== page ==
Transferring Stock and Business Succession

Discussion in 'Accounting and Taxes' started by MrEazyRider, Jul 20, 2017.

  1. MrEazyRider

    uix_expand uix_collapse
    New Member

    Apr 3, 2013
    Likes Received:

    I currently work for my grandfather's company that he started many decades ago. He's looking to transfer the ownership of the company to me but we have come upon some tax issues that are making it difficult.

    The original plan was for me to purchase the company and for him to finance it. I don't know all the details but he decided it was a no go because of tax issues and I don't have the assets to acquire an SBA.

    He presented this option to me: he will gift me 20 shares (out of 100) this year. For argument's sake, let's assume the company's worth is $1M and he purchased the company for $100k.

    If he gifts me 20 shares worth $200k today, will either of us owe taxes on this amount? I've read that the annual untaxable gift amount is $14k, which is clearly much lower than the amount that he's looking to gift me. I do not understand the difference between the yearly exclusion and the lifetime $5.43M exclusion and I'd like to figure out how the two relate.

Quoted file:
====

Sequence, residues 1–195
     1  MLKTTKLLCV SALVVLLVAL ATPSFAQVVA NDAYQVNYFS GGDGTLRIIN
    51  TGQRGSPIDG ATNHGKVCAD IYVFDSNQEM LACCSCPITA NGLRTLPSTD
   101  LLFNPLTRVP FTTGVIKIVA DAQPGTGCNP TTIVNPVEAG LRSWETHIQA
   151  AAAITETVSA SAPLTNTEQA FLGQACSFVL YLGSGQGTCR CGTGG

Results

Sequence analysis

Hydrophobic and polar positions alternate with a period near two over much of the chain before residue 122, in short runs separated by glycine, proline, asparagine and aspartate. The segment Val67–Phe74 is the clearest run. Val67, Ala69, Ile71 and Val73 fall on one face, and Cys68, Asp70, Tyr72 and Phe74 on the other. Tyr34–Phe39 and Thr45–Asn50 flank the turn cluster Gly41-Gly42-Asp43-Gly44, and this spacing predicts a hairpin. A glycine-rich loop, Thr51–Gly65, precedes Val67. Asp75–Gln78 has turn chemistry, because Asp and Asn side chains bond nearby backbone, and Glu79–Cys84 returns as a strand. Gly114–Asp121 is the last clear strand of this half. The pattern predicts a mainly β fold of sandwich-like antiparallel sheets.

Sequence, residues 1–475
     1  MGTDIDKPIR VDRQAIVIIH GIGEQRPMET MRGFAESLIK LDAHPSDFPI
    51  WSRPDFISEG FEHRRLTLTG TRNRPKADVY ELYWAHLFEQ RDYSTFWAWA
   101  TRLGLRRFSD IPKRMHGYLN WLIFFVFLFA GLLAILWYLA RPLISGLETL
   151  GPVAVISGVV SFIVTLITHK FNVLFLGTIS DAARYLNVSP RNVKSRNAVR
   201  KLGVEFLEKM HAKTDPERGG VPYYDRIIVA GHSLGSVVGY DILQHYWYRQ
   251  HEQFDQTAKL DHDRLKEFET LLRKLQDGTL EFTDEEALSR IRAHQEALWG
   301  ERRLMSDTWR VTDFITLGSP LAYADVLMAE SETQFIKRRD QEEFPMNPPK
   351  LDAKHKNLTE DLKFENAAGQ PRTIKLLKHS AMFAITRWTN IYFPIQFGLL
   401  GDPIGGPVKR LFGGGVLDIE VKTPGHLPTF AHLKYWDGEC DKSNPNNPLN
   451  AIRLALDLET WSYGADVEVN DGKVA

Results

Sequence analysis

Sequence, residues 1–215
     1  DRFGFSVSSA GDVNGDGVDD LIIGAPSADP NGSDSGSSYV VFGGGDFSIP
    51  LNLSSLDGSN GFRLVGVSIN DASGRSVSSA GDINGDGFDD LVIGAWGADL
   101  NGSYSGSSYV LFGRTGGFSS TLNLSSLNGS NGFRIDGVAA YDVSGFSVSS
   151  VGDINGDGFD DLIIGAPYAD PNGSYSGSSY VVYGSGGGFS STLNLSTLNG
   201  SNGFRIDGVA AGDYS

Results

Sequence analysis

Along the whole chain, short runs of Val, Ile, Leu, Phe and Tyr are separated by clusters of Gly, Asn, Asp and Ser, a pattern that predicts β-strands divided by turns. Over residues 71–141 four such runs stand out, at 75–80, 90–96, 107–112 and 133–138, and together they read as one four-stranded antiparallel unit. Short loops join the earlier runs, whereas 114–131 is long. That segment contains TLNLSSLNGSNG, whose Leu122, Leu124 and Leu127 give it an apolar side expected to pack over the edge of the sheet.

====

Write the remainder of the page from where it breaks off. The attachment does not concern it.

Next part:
From some things I've read, it appears the amount would be taxed since the value of the gift is over $14k, but how can this be taxed if the $200k is far below the $5.43M lifetime gift? He has not given any other gifts so the lifetime gift amount is far from capped.

    Is the amount he's gifting based on the purchased value ($20k) of the stock? I've been tossing this idea around in my head: since there's no cash involved here, he's basically transferring me ownership in the company and I will have to deal with the capital gains, should I choose to sell. I would have to pay capital gains on $180k because the original price for that stock (20%) was $20k.

    Am I right here, or missing the boat completely? Any help would be great!


Share This Page